The Complaint’ is a series of traditionally lyric poems giving voice to my refusal to have children and the stigma attached to that decision. This project attempts to imitate the style of Denise Riley (my PhD supervisor) specifically the way in which many of her poems reflexively explore a metaphorical/symbolic emotional landscape with un-apologetically lyric excess, with a curiously un-contradictory candidness/guarded-ness. In particular I want to imitate the wryness of that voice, as well as its logical, argumentative, flamboyant, feminine character. The poems I have so far produced don’t strike me as all that similar to Riley’s, though I feel that they've imported something ambivalent and foreign into me. Denise's work has turned out to be inimitable as long as I maintain good faith with it.

One of the most affecting and perhaps dire things I've realised since starting the project is that Denise is well known for the incredible lyric poetry she has written on the death of her son. I chose the topic of 'The Complaint' simply because it is an issue very close to my heart and one that I felt I could treat appropriately in this particular lyric mode, but part way through writing I realised that our connection on the theme of motherhood is very tender - loss vs refusal - and here I am attempting to sing one song with the voice of the other. On the one hand it feels very wrong, morbid and sacrilegious, on the other it feels like adding another part to the nonetheless always incomplete picture of woman as mother. Perhaps an articulation of my refusal must include that encounter with loss (what feels like its opposite) because that encounter hinges on the preciousness of what is spurned in my refusal, the central, most contested, most painful point.

Two poems from 'The Complaint' have appeared in Black Box Manifold and two in Hotel.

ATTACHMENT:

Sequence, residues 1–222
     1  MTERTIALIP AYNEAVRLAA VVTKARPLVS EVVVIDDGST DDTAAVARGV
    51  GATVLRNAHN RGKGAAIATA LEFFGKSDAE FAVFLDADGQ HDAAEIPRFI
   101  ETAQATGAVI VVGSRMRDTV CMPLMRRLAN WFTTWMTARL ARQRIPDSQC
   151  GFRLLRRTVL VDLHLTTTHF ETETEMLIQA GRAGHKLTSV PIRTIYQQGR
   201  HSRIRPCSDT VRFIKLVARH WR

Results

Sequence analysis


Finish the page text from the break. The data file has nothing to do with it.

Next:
Potential for Child-bearing as the Condition for the Worship of Woman-as-goddess

What’s that, She splits to become?

Moon and Waters plough up the cheerless self
that had languished with the weasel in the pennyroyal.

Which is to say, baby drags her Mother out with her,
blinking as though from Hell.

Such shrewd knowledge
drips from the dark
made of meat and fire and value.

A unicorn might weep joyful tears of feverfew -

O virgins, you tight hard buds of somewhere,
I believe in you.

 

 

 

Spell for Unconditional Love

to speak it plainly
makes sympathy die
like any baby bird ever.

modesty, disfigured and badly-dressed
touts a pain, the liar.

or it’s me, girl gone old and bad

going around, writing poems on the rocks
saying:

‘but I too must be adored!’

while the rain rains, smoothing stone bald
going:

never never never
never.

Standard Mortality Poem

 

Considered to be the underworld, cave systems,
for example in Oparara, nullify all things
acknowledged as familiar. To wit light, air currents,
perforations between body/world, any sound
and its progeny. Un-ness with flesh
and boots on, sister. Now there’s a god for ya.
Not new, no, but knowledge about whales
isn’t getting swallowed by one.
So that is where baby is going
as every party gets well and truly over.
All imagined under the great green banner
is shruggable angora and what makes baby cling
so tightly to the brightening fabric of life


 

 

 

 

 

 

Standard Birth Poem

 

This ritual is for anxiety
before the Thursday when
a single word is heard in the billion crashing of the sea.
So that is where baby has come from
should we ever really get down to it.
Meaning: baby is not her mother
and what diminishes one
eventually returns
unrecognisable and impossible to love the same
and everyone is someone’s small sweet babe.

 

[collaborations are] just a scapegoat that incarnates a communitarian burden of guilt about individual action and cleanses the community through its very expulsion via production.

Trisha Low

© 2018 by Cat Woodward